“Because we need not decide whether that occurred in today’s case, the judgment of the North Carolina Supreme Court is affirmed,” Roberts concluded.
Roberts and the majority dismissed the notion that state courts have no role in reviewing Elections Clause cases.
“The idea that courts may review legislative action was so ‘long and well established’ by the time we decided Marbury in 1803 that Chief Justice Marshall referred to judicial review as ‘one of the fundamental principles of our society,’” Roberts wrote.
“We are asked to decide whether the Elections Clause carves out an exception to this basic principle. We hold that it does not,” Roberts explained. “The Elections Clause does not insulate state legislatures from the ordinary exercise of state judicial review.”
State constitutions can affect the way legislators draw election maps, Roberts added. “The legislative defendants and the dissent both contend that, because the Federal Constitution gives state legislatures the power to regulate congressional elections, only that Constitution can restrain the exercise of that power.”
That argument “simply ignores” precedent cases that “rejected the contention that the Elections Clause vests state legislatures with exclusive and independent authority when setting the rules governing federal elections.”
“The argument advanced by the defendants and the dissent also does not account for the Framers’ understanding that when legislatures make laws, they are bound by the provisions of the very documents that give them life,” Roberts wrote.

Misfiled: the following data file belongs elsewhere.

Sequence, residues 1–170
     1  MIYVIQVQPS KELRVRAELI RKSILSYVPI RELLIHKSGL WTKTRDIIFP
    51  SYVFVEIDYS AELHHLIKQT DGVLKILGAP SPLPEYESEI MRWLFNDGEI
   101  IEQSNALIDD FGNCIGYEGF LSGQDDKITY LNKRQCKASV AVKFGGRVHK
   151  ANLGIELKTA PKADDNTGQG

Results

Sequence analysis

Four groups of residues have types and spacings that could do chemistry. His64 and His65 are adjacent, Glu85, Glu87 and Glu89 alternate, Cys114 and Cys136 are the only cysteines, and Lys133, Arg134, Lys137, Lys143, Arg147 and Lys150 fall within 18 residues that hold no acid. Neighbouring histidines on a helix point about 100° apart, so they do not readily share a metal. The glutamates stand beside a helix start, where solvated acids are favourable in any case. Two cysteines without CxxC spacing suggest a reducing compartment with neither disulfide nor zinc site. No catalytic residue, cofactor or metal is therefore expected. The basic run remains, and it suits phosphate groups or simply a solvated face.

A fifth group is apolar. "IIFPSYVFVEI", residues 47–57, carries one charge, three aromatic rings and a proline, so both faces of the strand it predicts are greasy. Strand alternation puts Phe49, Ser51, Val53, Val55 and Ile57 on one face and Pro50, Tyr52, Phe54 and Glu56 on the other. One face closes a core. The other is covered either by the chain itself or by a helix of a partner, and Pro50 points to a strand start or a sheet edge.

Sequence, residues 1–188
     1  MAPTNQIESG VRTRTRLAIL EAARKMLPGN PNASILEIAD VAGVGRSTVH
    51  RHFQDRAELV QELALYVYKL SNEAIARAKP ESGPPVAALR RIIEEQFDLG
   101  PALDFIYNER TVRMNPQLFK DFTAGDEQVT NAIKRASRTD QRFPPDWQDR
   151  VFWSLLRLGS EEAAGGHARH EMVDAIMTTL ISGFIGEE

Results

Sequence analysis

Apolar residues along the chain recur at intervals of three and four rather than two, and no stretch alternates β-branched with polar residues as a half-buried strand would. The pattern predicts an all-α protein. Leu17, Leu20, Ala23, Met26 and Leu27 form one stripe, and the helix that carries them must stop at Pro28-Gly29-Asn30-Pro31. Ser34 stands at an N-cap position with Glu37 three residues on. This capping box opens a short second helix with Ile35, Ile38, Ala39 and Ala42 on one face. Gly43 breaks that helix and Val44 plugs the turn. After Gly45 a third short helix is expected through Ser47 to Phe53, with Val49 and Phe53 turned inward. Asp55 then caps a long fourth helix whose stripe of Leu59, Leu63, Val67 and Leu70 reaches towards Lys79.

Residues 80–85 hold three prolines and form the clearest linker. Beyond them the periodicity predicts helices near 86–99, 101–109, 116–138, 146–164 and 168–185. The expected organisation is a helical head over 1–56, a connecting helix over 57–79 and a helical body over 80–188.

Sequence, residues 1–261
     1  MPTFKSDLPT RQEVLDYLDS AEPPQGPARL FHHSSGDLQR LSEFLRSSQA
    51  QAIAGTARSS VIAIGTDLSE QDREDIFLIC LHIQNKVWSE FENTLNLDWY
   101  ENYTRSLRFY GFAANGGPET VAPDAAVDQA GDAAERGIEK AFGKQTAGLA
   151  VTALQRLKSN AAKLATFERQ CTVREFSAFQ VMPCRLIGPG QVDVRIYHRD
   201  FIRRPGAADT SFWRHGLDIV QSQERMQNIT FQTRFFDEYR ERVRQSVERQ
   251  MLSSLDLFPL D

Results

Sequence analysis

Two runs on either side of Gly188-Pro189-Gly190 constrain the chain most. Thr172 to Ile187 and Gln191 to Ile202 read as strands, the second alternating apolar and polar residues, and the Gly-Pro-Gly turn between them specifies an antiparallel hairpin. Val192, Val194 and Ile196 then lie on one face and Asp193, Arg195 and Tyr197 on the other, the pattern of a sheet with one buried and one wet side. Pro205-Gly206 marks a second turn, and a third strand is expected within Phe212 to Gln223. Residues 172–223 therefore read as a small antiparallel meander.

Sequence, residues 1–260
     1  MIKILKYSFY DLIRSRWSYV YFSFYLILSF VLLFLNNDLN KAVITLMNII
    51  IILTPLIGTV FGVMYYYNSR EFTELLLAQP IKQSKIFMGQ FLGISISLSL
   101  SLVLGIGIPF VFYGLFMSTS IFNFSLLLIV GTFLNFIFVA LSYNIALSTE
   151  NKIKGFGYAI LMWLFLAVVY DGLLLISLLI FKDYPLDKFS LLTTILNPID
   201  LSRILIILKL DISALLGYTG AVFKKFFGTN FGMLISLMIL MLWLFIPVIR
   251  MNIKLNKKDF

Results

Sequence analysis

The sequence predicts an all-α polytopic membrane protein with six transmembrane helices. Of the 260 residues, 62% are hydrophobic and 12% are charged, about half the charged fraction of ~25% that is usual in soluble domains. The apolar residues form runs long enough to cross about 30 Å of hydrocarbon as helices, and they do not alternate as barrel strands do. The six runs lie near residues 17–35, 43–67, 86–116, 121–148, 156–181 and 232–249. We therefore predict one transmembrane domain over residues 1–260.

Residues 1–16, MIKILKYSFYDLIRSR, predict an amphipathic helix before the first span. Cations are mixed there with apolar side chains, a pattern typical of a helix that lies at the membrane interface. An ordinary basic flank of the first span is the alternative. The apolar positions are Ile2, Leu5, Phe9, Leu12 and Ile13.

“[O]ur precedents have long rejected the view that legislative action under the Elections Clause is purely federal in character, governed only by restraints found in the Federal Constitution,” he added.
Roberts and the majority refused to set a standard that would determine when a state court oversteps its bounds in reviewing maps drawn under federal Elections Clause authority. The chief justice specifically rejected possible tests put forward in earlier high court decisions.
“We do not adopt these or any other test by which we can measure state court interpretations of state law in cases implicating the Elections Clause. The questions presented in this area are complex and context specific,” the chief justice explained. “We hold only that state courts may not transgress the ordinary bounds of judicial review such that they arrogate to themselves the power vested in state legislatures to regulate federal elections.”
In the Moore v. Harper case, justices punted on a review of the N.C. Supreme Court’s actions. “We decline to address whether the North Carolina Supreme Court strayed beyond the limits derived from the Elections Clause,” Roberts wrote. “The legislative defendants did not meaningfully present the issue in their petition for certiorari or in their briefing, nor did they press the matter at oral argument.”